Ploidy level determinations of prostatic carcinoma in 213 patients selected on the basis of survival time were analyzed. Two extreme groups were chosen: extreme group 1, 131 patients who died from prostatic cancer within 3 years of diagnosis; and extreme group 2, 82 patients who survived for more than 15 years after diagnosis. All patients were diagnosed by fine needle aspiration biopsy. The DNA measurements were performed on Feulgen stained, destained May-Grünwald-Giemsa smears. The DNA distribution patterns were studied in three benign prostatic lesions as a base for analyses of prostatic carcinoma. By choosing two extreme groups it was possible to evaluate in detail the optimal limits for defining the diploid 2c region and the tetraploid 4c region. Various limits were tested in order to determine those which most clearly separate extreme group 1 from extreme group 2. We found that the optimal upper diploid limit was 2.5c and the optimal tetraploid limits were 3.5c-4.5c.By using these limits to determine the percentage of aberrant tumor cells, i.e., non-2c and non-4c, and combining this with the modal value (in c units) of the tumor cell population the tumors could unambiguously be divided into D-, T-, and A-types. D/T-type tumors were found only in extreme group 2 and had <30% aberrant tumor cells, while A-type tumors (high-grade aneuploid) had >50% non-2c and non-4c tumor cells. All A-type tumors were found in extreme group 1.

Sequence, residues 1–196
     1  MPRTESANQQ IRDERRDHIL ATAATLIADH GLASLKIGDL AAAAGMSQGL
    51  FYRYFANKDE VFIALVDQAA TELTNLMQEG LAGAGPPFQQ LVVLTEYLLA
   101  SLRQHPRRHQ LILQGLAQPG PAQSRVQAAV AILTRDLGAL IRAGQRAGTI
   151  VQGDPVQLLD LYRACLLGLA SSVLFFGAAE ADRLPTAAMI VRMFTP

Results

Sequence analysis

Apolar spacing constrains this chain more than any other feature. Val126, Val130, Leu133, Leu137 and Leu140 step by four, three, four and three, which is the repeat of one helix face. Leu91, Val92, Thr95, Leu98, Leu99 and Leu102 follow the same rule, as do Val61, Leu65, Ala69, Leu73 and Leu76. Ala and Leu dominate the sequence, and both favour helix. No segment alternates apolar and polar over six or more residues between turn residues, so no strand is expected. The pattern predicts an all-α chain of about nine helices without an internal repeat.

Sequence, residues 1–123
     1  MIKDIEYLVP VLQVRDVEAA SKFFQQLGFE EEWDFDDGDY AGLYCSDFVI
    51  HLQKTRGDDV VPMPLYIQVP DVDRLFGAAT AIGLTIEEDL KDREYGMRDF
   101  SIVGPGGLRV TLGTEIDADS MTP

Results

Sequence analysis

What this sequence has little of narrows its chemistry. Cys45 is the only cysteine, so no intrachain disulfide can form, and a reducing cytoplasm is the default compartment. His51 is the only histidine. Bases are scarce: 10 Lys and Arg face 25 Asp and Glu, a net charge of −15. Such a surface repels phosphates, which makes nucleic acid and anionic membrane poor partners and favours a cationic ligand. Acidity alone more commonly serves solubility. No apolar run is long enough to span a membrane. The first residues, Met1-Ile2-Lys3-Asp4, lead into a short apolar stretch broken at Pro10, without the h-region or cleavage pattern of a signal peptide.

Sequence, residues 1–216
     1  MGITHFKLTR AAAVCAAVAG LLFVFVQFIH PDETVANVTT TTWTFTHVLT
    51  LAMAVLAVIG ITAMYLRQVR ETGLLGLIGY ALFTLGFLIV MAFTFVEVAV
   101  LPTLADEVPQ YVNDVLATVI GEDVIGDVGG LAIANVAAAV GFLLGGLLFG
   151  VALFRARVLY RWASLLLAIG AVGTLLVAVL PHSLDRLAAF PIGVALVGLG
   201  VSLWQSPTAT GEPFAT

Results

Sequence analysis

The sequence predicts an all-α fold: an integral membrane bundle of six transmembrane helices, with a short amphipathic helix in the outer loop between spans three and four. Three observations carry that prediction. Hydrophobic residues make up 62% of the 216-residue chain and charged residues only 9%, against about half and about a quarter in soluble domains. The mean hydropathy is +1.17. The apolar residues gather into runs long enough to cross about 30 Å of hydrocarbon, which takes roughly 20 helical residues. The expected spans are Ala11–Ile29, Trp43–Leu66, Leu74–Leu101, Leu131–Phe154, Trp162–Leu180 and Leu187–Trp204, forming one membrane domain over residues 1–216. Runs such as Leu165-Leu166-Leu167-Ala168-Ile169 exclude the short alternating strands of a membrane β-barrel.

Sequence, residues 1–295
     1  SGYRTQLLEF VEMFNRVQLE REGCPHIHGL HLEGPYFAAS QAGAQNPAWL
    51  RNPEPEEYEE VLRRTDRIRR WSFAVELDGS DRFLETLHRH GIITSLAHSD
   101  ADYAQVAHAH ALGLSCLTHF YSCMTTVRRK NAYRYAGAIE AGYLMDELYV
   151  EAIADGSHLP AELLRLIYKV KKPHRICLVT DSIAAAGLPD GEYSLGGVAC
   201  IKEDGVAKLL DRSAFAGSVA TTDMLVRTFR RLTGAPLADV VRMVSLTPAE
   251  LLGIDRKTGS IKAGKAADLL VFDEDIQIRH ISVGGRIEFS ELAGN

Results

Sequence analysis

In order to investigate whether the classification of tumors into D-, T-, and A-type was valid in general and could also be applied to patients with survival time between the two extreme groups (3–15 years), a material of 79 patients with a wide range of survival times was tested. The tumors were classified according to the above-mentioned criteria into A-, D-, and T-type tumors. All patients who died within 5 years of diagnosis had A-type tumors. All patients who lived >5 years from diagnosis had D- or T-type tumors.
This study was supported by grants from the Medical Research Council, the Swedish Cancer Society, the Cancer Society in Stockholm, and the research funds of the Karolinska Institute, Stockholm, Sweden.